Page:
Having finished Johnson's Listening in Paris I now feel that any apposite critique of Romanticism must come from a posture of having, if not embraced Romanticism, gone hand in hand with Romanticism for some way. Perhaps I wouldn't want to defend Romanticism except for the existence of anti-Romanticism, which leans towards pulling the shade down on what it's really like to have an experience. Our first anomaly evinces itself in recognizing an experience that one would rather not have taken for an experience in any Romantic sense. It points to a shortcoming in vision of *language as a giver of experience, for even though Johnson is a historian who specializes in musicology, the key to his thinking is the idea that "music is a language," and by "language" he means something that, unconsciously and from the outside, constructs experience. (We may wish to credit Johsnon with giving us something more subtle than a simple critique of Romanticism; he means to criticize the conditions of possibility of Romanticism. I would still turn the critique around to investigate the conditions of possibility of an "anti-Romantic" experience.) The specific problem Johnson's discourse raises is this: given an expectation of silent listening, how does one adequately and appropriately communicate one's boredom at the opera without being mistaken for either having a profound experience or for genuinely being polite? At this point I'd like to register my sympathies with elite audiences who feel that their responsivity, their very capacity for formulating and communicating responses to music, which must in only one respect happen both spontaneously and at once if they are to be responses, has been truncated, repressed, or otherwise mired in stupidities and awkward, if all too easy, niceties. Do such listeners suffer from too much Romanticism or, as may be evident were we to take our feelings into account, too little? Bear with me a second. I'm not going to argue that boredom represents a deep experience or an experience any less constructed or more interior than any other kind of experience. I will say that boredom is felt, and, most germaine to our critique, an urge to communicate this feeling arises even when approved codes of expressing such a feeling are not readily at hand. To think this through we must return to the question of response, which now must be thought with a new understanding of readiness, for it is only in one respect that responses are formulated and communicated spontaneously and at once, and that is in respect to the synkairotic and the spasmoreality that pertains to its breach. The synkairotic differs from synchronic in that its at onces are not in binary opposition to the diachronic, and may be stretched and bent in response to exigencies of moment. What we call one respect of response may be better conceptualized as one moment of response. The fact that response has other moments is not obscured or obliterated by the breach of the synkairotic. In actuality the inculcation of stillness (of which silence is but one mode) into the body of the elite listener reveals itself as an extreme kind of violence not because it denies an expressionthis would the Romantic conceit of the anti-Romanticbut because it misplaces readiness. This may also stand as a metaphor for zombification, this stillness. We should not think of this zombification, however, in the sense of there being a Difference between Life and Death which may be suspended, but only in the sense of a readiness having been misplaced or even misappropriated. Readiness belongs with the response and with experience at once. Of course in embracing the momentary we must depart from the instant and the infinite experience it has been made to represent. So be it. We cannot listen well while allowing readiness to be restricted to the instantaneous.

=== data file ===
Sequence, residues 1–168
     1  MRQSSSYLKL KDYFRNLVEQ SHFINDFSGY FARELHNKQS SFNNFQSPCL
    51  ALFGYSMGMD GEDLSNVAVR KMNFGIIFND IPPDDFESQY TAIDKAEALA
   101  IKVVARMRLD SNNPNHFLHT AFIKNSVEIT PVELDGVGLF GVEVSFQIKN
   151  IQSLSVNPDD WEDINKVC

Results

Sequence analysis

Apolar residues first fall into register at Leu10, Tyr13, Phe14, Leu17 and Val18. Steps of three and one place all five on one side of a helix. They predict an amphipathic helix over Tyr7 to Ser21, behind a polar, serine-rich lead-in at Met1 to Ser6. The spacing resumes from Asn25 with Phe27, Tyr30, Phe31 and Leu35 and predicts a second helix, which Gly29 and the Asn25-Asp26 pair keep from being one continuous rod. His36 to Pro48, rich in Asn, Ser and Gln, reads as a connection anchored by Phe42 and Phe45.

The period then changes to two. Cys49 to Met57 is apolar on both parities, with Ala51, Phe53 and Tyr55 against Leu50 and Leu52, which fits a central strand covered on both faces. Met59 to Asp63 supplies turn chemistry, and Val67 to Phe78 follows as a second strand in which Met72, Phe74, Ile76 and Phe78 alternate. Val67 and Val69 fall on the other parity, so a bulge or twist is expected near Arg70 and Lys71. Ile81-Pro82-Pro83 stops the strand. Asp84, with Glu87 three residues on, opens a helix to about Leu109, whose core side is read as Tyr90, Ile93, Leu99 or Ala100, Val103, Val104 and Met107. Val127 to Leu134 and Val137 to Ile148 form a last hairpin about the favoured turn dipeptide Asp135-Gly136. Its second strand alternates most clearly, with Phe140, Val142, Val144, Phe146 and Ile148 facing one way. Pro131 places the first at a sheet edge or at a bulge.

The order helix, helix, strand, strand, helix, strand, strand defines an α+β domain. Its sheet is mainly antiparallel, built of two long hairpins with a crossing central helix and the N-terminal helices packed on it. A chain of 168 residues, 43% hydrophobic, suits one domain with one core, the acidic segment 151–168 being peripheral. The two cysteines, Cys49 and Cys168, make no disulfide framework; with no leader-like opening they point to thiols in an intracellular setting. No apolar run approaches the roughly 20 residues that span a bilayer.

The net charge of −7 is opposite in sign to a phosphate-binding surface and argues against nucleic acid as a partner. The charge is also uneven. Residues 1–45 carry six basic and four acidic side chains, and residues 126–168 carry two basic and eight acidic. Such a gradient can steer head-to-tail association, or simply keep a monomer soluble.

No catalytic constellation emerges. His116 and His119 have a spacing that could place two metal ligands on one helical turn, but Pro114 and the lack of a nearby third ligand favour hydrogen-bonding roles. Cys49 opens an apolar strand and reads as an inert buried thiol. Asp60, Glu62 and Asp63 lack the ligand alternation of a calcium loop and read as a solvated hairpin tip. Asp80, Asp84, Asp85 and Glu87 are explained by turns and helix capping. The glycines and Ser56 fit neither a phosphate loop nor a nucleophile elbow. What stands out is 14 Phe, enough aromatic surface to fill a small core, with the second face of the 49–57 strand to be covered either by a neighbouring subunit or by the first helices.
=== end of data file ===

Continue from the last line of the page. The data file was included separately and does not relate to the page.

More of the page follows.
Our second anomaly is a straightforward critique of the Boasian linguistic unconscious by Claude Hagège: On the Part Played by Human Conscious Choice in Language Structure and Language Evolution (pdf). (This may appear to be an ordered catalogue of anomalies; I take the existence of linguistic consciousness to be a single fact which any adequate thinking about language would have to account for, so I count it as one anomaly, without ruling out any finer analyses.)